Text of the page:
The Anatomy of Violence: The Biological Roots of Crime
- Adrian Raine
- Pantheon Books New York
- 528 pp.
- Reviewed by Ronald Schouten
- May 24, 2013
“Nature” is more important by far than “nurture,” the author asserts, when it comes to acts like rape, serial murder and terrorism.
My first lesson in the effects of brain injury came at an early age, when a schoolmate accidentally ran in front of a car. Poor Ralph was never the same. We didn’t see much of him after that, but the stories we heard of his impaired cognitive abilities, suddenly acquired profanity and impulsive behaviors were not happy ones. In one quick moment, his brain, and pretty much everything else about him, had changed. As a science nerd with dreams of medical school, I was horrified by Ralph’s suddenly limited intellectual ability, but intrigued by the change in his behavior.
Forty-plus years later, the importance of the brain in every aspect of human behavior is clear. Functional brain imaging reveals increased activity in specific areas as we engage in various tasks and experience different emotions, with low levels of activity in those areas considered abnormal. The cognitive and behavioral changes suffered by some professional athletes, as well as returning veterans from Iraq and Afghanistan, have driven home the effects of brain injuries. The human genome has been mapped, revealing that specific genetic changes are associated with certain personality traits, antisocial behavior and mental disorders. For decades, most physicians relied exclusively on psychological and sociological theories to explain human behavior. In the 21st century, however, the prevailing view is that we cannot explain people’s actions without understanding brain structure and function.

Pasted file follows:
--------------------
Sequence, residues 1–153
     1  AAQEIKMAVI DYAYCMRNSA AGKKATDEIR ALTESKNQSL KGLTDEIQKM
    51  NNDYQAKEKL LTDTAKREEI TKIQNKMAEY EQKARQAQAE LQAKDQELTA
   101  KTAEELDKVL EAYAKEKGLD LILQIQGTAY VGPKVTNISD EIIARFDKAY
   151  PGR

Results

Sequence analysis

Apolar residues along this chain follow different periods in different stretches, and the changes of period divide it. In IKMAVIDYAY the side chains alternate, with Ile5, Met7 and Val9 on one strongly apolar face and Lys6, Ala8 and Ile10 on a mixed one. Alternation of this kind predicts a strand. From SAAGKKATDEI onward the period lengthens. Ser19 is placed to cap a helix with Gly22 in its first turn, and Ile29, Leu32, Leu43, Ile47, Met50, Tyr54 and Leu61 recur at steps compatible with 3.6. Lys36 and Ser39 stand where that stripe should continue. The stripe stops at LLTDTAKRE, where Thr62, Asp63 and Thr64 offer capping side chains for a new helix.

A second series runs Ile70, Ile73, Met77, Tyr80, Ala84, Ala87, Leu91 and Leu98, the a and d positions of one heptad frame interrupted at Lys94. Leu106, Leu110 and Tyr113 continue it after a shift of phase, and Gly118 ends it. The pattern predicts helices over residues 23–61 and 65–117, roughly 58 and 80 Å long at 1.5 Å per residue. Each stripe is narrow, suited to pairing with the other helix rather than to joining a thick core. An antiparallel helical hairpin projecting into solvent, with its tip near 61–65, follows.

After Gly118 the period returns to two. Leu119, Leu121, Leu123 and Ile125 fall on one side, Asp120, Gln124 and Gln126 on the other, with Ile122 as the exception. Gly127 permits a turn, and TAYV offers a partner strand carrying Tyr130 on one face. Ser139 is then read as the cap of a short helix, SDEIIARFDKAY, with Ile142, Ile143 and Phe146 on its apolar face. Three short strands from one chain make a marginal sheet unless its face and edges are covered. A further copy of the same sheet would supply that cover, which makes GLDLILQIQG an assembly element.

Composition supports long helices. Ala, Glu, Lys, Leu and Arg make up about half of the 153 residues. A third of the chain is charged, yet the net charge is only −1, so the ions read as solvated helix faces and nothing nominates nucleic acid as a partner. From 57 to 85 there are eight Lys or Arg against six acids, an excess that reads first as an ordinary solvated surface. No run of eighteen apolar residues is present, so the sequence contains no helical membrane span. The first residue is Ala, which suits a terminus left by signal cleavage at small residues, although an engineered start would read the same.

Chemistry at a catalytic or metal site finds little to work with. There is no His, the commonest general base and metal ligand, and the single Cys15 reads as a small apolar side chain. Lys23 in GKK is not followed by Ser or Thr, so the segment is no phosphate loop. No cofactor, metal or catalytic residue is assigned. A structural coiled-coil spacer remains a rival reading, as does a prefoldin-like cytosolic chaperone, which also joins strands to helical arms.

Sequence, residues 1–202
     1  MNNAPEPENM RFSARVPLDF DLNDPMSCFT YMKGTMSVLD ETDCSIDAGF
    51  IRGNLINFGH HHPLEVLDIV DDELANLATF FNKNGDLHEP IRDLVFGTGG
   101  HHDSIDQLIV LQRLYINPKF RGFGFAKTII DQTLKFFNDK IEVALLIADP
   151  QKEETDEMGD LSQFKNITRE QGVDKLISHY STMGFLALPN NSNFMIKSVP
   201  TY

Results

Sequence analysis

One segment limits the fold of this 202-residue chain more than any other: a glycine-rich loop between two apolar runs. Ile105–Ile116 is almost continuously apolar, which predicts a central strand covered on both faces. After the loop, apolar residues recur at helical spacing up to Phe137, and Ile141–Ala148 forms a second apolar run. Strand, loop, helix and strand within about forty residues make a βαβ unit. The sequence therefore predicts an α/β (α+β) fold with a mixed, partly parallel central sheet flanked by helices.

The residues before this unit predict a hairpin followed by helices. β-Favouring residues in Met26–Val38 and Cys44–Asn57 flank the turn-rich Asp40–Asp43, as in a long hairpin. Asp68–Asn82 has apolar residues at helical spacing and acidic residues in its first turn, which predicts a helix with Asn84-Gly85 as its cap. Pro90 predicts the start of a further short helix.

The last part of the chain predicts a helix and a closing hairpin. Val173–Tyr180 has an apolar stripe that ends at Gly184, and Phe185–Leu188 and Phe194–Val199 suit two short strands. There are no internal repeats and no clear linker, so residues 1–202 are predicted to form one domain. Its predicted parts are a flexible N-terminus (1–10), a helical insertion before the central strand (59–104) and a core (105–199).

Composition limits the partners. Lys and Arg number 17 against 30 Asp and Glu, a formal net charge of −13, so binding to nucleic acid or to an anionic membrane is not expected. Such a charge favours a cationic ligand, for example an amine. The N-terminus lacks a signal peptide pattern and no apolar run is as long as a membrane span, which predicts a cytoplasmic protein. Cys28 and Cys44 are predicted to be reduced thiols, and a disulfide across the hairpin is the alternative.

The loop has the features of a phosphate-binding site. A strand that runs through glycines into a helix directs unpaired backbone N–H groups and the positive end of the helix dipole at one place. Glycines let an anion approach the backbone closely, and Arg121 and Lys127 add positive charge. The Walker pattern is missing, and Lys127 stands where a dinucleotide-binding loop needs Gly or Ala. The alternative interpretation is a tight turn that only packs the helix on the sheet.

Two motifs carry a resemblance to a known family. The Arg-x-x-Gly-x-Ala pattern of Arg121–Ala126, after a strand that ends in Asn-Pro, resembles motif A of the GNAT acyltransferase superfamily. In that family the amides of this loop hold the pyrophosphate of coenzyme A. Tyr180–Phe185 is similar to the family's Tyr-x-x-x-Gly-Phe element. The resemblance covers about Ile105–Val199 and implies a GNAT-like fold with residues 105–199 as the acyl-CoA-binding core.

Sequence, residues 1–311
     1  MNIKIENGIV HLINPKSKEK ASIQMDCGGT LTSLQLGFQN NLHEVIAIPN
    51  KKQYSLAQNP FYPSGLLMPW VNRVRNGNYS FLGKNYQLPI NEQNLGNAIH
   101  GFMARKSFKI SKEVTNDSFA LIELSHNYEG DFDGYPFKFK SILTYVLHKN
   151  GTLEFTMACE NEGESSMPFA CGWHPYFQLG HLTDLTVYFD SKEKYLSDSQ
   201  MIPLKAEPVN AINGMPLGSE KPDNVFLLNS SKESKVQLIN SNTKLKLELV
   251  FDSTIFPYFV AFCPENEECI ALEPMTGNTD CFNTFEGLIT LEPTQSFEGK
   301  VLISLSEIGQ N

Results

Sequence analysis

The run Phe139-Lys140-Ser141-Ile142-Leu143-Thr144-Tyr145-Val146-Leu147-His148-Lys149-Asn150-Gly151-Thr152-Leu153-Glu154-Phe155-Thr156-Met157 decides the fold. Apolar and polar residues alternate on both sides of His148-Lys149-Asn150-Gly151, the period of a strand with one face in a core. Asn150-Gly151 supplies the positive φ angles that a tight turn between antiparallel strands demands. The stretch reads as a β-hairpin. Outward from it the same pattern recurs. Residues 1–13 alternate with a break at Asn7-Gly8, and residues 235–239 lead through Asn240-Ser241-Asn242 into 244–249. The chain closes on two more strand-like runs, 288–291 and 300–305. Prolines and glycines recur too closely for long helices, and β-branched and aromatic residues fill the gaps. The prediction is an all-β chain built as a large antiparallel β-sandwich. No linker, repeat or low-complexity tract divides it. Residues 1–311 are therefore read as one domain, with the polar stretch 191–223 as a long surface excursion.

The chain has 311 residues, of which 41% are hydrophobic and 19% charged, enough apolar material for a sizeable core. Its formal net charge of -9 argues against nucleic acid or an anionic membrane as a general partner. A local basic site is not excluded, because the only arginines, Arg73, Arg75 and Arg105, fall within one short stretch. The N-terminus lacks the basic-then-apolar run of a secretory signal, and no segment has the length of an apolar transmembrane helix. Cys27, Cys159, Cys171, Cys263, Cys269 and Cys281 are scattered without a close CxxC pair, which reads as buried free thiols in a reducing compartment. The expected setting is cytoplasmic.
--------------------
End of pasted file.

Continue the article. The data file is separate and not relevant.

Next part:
Throughout these four decades, Adrian Raine has explored the physiological differences between “normal” individuals and those who engage in criminal and other antisocial behavior. Raine describes himself as a “neurocriminologist,” devoted to understanding the biological bases of criminal behavior. He has been a leader among the growing number of researchers working to demonstrate that biological factors — as invisible as genetic variations and poor nutrition, and as obvious as brain tumors and Ralph’s head injury — play a role in criminal behavior.
In The Anatomy of Violence: The Biological Roots of Crime, Raine argues that biological factors can explain acts of violence as diverse as intertribal warfare, pedophilia, rape, domestic violence, serial murder and terrorism. Using case examples and extensive references, he presents evidence that the origins of criminal behavior may lie in such factors as genetic abnormalities, the evolutionary drive to spread one’s DNA, nutrition, physiological and anatomic anomalies in offenders’ brains, and environmental influences on the developing fetus.
Raine’s work has focused on establishing the biological markers that cause, or at least correlate with, criminal behavior. The author makes his case forcefully, fueled by the criticism of those who adhere to traditional psychological and sociological theories of crime and violence. Although he does not dismiss the role of environmental factors, Raine believes that the importance of “nurture” lies in its interactions with “nature.” For Raine, biology is more important by far.